Sergey Minasian, D.Sc. (Political Science), Deputy Director, Institute of the Caucasus (Erevan, Armenia)


The relations between Georgia and Azerbaijan are a key factor in regional politics and security in the Southern Caucasus. They strongly affect economic contacts and trade, as well as the implementation of all sorts of communication and energy projects. The two countries agree on many issues of regional policy, the way ethnopolitical conflicts should be settled, and the degree to which external actors could or should be involved. Turkeys presence in bilateral Georgian-Azeri relations is another important factor that may end in a geopolitical triangle of sorts in the Southern Caucasus. On the other hand, these relations cannot and should not be described as a formalized full-scale political, let alone, military-political alliance with corresponding mutual obligations. The author discusses these and other aspects of bilateral relations, assesses the prospects for further cooperation, and points to the possible challenges and problems that might crop up later.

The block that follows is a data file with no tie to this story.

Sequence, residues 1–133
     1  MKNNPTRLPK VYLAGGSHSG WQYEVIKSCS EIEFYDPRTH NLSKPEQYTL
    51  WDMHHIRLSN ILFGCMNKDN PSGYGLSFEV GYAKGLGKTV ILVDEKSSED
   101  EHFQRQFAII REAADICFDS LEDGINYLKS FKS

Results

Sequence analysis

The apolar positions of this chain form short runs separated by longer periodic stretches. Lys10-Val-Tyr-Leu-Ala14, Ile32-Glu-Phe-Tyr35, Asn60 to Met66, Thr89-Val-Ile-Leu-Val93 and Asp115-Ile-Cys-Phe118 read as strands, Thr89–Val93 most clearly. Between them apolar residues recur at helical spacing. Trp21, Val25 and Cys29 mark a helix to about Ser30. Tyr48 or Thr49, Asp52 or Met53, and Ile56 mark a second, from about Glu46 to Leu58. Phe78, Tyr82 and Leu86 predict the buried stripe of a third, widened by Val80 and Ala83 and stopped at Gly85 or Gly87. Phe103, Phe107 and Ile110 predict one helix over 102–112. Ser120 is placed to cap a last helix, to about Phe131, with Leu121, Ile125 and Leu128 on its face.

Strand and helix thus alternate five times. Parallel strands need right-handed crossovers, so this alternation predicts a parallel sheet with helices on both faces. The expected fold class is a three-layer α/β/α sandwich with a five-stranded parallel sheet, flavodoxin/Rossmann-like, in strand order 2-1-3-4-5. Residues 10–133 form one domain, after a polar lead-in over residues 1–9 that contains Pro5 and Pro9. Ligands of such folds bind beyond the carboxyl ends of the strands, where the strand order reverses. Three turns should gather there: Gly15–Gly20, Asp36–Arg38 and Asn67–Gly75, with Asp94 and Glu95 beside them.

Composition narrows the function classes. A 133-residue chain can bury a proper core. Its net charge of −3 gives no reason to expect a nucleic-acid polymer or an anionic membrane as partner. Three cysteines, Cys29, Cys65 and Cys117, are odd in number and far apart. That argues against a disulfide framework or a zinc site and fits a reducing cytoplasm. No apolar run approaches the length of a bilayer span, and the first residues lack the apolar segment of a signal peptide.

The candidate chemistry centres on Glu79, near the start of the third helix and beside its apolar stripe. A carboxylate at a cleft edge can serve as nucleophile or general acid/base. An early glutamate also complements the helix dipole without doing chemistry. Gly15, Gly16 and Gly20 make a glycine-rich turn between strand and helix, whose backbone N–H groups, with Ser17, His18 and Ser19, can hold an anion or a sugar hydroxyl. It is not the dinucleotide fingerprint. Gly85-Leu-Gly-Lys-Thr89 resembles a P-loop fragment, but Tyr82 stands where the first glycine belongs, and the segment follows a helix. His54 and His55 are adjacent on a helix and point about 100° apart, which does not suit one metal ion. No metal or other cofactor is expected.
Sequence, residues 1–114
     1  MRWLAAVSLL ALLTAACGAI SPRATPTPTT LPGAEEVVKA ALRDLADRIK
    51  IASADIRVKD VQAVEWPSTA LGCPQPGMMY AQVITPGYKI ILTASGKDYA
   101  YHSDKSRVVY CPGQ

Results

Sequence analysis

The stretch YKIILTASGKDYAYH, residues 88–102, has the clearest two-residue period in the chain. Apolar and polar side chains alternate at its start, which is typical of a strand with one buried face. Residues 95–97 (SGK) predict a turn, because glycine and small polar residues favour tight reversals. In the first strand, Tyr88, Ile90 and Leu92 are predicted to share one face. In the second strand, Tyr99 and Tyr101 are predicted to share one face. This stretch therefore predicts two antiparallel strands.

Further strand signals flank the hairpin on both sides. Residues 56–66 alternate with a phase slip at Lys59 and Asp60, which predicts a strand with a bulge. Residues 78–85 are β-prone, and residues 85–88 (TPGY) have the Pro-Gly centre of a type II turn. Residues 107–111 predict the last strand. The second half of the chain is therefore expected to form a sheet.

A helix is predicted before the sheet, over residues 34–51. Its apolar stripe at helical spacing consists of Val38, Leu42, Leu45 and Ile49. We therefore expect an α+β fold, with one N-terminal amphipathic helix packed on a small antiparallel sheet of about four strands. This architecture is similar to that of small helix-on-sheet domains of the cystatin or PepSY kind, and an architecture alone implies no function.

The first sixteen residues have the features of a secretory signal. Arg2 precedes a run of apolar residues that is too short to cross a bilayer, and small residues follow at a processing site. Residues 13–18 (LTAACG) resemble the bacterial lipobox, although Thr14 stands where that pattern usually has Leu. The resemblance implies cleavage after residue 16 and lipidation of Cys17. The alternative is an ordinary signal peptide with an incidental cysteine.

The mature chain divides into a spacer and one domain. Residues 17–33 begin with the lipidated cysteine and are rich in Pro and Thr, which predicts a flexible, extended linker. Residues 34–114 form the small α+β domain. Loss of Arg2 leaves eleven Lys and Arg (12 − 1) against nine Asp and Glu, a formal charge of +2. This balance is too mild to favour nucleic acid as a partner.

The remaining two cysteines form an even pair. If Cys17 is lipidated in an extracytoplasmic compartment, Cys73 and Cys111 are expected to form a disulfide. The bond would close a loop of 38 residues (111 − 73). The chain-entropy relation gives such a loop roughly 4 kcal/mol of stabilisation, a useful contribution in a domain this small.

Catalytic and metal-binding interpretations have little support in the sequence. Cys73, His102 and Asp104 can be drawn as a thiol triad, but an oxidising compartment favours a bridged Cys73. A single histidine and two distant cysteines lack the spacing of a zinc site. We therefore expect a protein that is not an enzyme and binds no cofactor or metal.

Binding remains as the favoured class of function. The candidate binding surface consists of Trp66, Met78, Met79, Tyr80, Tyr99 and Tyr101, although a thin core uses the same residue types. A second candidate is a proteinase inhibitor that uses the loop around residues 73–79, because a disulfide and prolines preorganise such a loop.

Keywords: Georgia, Azerbaijan, Turkey, the Southern Caucasus, Russia, regional security, energy projects, Azeri-Georgian relations, ethnopolitical conflicts, the Azeris of Georgia.


Regional politics and security in the Southern Caucasus largely depend on the relations between Georgia and Azerbaijan; they strongly affect the energy, transport, and transit spheres, the priority areas of their cooperation, and the key regional factors. Suffice it to mention Baku-Supsa (BS) and Baku-Tbilisi-Ceyhan (BTC) oil pipelines, the Baku-Tbilisi-Erzurum (BTE) gas pipeline, and

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